dishonesty; to do justice and to prevent injustice. It is no less a maxim of law
than of religion, do unto others as you wish to be done by.
HONOR. High estimation. A testimony of high estimation. Dignity.
Reputation. Dignified respect of character springing from probity, principle, or
moral rectitude. A duel is not justified by any insult to our honor. Honor is
also employed to signify integrity in a judge, courage in a soldier, and
chastity in a woman. To deprive a woman of her honor is, in some cases, punished
as a public wrong, and by an action for the recovery of damages done to the
relative rights of a hushand or a father. Vide Criminal conversation.
2. In England, when a peer of parliament is sitting judicially in that body,
his pledge of honor is received instead of an oath; and in courts of equity,
peers, peeresses, and lords of parliament, answer on their honor only. But the
courts of common law know no such distinction. It is needless to add, that as we
are not encumbered by a nobility, there is no such distinction in the United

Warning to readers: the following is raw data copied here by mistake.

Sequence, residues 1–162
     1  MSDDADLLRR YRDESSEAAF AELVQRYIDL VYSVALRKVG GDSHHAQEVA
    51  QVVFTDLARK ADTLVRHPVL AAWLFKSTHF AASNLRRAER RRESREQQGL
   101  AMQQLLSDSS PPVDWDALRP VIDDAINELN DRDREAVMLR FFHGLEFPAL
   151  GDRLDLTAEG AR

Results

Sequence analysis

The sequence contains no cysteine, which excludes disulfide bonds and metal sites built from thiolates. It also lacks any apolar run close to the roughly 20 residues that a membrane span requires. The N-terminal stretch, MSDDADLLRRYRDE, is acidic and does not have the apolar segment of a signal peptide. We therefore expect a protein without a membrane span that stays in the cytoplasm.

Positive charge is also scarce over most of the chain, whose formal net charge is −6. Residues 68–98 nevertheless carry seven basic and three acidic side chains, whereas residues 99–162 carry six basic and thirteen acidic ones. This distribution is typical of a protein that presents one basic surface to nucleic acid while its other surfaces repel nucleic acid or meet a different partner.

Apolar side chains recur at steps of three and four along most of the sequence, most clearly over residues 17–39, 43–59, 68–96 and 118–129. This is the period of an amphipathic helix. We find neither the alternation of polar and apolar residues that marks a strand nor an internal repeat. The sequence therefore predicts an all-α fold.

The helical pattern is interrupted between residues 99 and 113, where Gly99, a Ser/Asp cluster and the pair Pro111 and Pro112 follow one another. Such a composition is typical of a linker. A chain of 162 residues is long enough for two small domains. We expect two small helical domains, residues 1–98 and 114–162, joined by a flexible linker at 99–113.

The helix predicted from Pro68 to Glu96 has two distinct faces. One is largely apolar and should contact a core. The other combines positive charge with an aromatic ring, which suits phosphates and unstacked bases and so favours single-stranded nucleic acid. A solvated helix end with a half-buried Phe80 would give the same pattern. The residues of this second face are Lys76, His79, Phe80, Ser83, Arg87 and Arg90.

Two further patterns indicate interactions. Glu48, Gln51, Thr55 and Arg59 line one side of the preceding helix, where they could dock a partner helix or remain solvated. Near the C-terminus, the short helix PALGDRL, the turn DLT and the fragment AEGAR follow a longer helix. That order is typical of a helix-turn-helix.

States, all persons being equal in the eye of the law.
HONOR, Eng. law. The seigniory of a lord paramount. 2 Bl. Com. 9f.
TO HONOR, contr. To accept a bill of exchange; to pay a bill accepted,
or a promissory note, on the day it becomes due. 7 Taunt. 164; 1 T. R. 172. Vide
HONORARIUM. A recompense for services rendered. It is usually applied
only to the recompense given to persons whose business is connected with
science; as the fee paid to counsel.
2. It is said this honorarium is purely voluntary, and differs from a fee,
which may be recovered by action. 5 Serg. & Rawle, 412; 3 Bl. Com. 28;1
Chit. Rep. 38; 2 Atk. 332; but see 2 Penna. R. 75; 4 Watts' R. 334. Vide Dalloz,
Dict. h. t., and Salary. See Counsellor at law.
HORS DE SON FEE, pleading in the ancient English law. These words
signify out of his fee. A plea which was pleaded, when a person who pretended to
be the lord, brought an action for rent services, as issuing out of his land:
because if the defendant could prove the land was out of his fee, the action
failed. Vide 9 Rep. 30; 2 Mod. 104; 1 Danvers' Ab. 655; Vin. Ab. h. t.
HORSE. Until a horse has attained the age of four years, he is called
a colt. (q. v.) Russ. & Ry. 416. This word is sometimes used as a generic
name for all animals of the horse kind. 3 Brev. 9. Vide Colt; Gender; and Yelv.